Today starts the first day of my “12 habits in 12 months” challenge. Last post, I listed several habits I might choose from, and I’ve made my decision.
And the new habit for September, 2014 is. . .
“Meditate for 15-20 Minutes a Day”
OK fair enough, you say. So what happens when you make a list of habits? Surprise: You’ll want to do lots of stuff.
In the last few days, my list of potential new habits has grown considerably.
With so many potential habits to choose from, I WANT TO DO THEM ALL. I just think about how frikking awesome I’d be if I did all of the things on my list. But the whole point is *not* to do that, but to slowly stack one good trait on top of another.
Of course I don’t have actually wait four months before I cease to stuff my face with carbs or go to the gym . . it’s just that these things won’t be my main focus in September.
“You’d better watch out, I’m telling you why?”
Besides not trying to do it all at once, I’ve instituted a few more guidelines for myself:
- No time-consuming habits without beta-testing. I’m busy enough already. So nothing without trying it out for a week or so to see how it fits into my schedule.
- Habits have to be in line with my long-term goals. “ Learning German sounds nice, but I’m not going to lose money over it . . . sorry. If I can’t explain how something fits in with my longer term goals, it doesn’t make the cut!
- I get one opt-out per month. I’m using stickk.com to keep myself financially accountable. But what do I do if in December I’ve learned that meditation just isn’t working for me? I get to drop it. I’m limiting myself to one per month so I don’t give up everything. I could imagine if my personality were different I wouldn’t want to give myself this easy out, but I know myself well enough to know that I’ll re-up if I find something is life-promoting…even if I don’t particularly enjoy doing it consistently.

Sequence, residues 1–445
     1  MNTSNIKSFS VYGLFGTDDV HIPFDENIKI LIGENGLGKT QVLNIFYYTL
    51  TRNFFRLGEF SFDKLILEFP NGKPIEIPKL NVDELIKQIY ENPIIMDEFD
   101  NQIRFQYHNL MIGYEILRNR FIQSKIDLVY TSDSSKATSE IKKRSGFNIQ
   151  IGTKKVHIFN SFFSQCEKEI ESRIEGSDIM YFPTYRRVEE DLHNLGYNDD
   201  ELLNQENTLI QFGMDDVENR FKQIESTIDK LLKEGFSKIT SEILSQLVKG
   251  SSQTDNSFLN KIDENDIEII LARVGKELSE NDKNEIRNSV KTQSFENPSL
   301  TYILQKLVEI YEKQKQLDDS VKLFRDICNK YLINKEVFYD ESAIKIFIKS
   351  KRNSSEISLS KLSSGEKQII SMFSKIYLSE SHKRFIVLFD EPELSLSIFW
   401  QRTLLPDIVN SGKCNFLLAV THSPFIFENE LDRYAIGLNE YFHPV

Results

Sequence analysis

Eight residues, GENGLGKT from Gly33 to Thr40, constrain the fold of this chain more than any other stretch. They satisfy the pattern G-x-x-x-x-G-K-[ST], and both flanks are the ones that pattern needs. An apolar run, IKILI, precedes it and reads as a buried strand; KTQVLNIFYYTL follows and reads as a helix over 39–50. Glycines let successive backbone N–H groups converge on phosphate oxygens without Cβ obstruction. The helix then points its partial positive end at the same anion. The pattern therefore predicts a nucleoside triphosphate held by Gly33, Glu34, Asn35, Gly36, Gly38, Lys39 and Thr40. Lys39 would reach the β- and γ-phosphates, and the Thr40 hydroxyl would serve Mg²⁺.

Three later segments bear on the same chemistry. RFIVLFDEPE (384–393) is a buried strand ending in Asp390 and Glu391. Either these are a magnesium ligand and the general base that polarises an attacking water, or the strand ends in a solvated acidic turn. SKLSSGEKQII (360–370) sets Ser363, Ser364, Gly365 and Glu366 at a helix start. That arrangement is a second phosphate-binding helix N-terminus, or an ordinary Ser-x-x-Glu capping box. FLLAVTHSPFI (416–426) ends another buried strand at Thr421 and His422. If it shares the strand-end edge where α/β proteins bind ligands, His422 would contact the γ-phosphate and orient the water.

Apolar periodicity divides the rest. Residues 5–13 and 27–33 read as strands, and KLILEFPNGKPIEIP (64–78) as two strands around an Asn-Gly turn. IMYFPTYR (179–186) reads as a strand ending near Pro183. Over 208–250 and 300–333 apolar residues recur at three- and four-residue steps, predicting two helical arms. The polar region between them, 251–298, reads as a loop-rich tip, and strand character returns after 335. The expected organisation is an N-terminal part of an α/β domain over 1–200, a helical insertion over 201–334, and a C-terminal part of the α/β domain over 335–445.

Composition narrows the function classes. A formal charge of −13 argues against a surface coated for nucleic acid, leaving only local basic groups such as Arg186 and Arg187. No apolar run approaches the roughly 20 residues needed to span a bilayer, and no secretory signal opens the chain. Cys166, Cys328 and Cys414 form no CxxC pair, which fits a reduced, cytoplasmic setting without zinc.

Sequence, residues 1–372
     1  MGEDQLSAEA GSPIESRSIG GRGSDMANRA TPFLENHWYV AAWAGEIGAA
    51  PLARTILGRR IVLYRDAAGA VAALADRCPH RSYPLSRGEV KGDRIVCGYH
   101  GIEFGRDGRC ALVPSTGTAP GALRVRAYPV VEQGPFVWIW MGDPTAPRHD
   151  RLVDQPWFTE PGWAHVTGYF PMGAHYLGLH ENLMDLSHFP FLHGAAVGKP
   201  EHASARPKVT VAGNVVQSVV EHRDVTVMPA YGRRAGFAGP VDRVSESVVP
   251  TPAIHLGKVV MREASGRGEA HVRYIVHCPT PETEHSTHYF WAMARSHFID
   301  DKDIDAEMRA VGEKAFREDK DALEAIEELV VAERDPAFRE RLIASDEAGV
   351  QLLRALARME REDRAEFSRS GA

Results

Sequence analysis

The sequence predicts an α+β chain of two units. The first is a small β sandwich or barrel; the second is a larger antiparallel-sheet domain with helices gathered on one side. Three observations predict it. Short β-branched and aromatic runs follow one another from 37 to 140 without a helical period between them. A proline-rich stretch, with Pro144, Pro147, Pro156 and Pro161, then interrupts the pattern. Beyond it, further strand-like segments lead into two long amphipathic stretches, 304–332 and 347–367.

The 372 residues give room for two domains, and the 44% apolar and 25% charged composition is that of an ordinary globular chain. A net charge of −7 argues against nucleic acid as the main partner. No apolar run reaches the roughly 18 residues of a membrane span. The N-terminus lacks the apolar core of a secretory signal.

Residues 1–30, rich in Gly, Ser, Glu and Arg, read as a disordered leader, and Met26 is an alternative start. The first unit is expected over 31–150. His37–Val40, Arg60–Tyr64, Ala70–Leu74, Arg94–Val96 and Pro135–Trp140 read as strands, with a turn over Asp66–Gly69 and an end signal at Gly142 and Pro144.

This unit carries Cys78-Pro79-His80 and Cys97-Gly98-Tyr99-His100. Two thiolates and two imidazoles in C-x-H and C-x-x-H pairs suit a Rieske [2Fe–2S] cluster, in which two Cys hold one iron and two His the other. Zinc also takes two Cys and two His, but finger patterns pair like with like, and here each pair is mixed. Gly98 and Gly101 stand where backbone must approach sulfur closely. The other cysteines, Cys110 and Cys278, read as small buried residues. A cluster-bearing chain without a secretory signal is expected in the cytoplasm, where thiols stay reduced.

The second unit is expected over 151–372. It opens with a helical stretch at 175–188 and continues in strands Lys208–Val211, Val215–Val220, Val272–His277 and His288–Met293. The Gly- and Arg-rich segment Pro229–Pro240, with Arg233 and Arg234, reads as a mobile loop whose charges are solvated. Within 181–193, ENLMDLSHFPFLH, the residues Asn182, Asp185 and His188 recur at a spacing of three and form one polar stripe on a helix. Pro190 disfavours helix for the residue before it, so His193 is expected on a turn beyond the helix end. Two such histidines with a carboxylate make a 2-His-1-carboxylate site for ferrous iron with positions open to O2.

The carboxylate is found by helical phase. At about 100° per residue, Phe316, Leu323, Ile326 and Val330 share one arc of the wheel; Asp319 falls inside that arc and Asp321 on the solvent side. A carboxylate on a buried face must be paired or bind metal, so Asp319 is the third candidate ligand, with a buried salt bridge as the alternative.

- I should be able to give a “time” to each habit. For instance: “I will meditate every day after my morning coffee, or after I finish teaching.” Putting my habit on a schedule increases the likelihood it will happen.
- I need to consciously work on freeing up more time. As the year progresses and I keep stacking these awesome traits, I’ll need to do conscious work to make my schedule more manageable.
So then, why meditation?
Why not the gym, or health, or get organized? I chose this because of one final guideline I’ve given myself: I want my habits to make sequential sense.
What does that mean? It means I want to choose the one thing that will tend to have the greatest impact and make the other things easier to accomplish.
Meditation calms my mind, makes me more prone to consistent and calm decision making, and helps me keep a nice flow to my day. I think that more than anything else on my list, taking this time to center myself every day will have benefits across the board, because it will increase my calm and self control.
Habits and the Pareto Principle
One way you might think of this is the “80/20” rule of habit formation. The 80/20 rule, or the “Pareto Principle” suggests that the bulk of the results come from a minority of the causes. So in this case, if I meditate every day, I’ll tend to do a lot of other positive things as well and increase my overall sense of wellbeing to boot – at least that’s my theory.
So day 1, you’re toast. 364 days to go. See you there.
If you enjoyed this post, you’ll also enjoy learning about how I set up my accountability systems to keep me on track.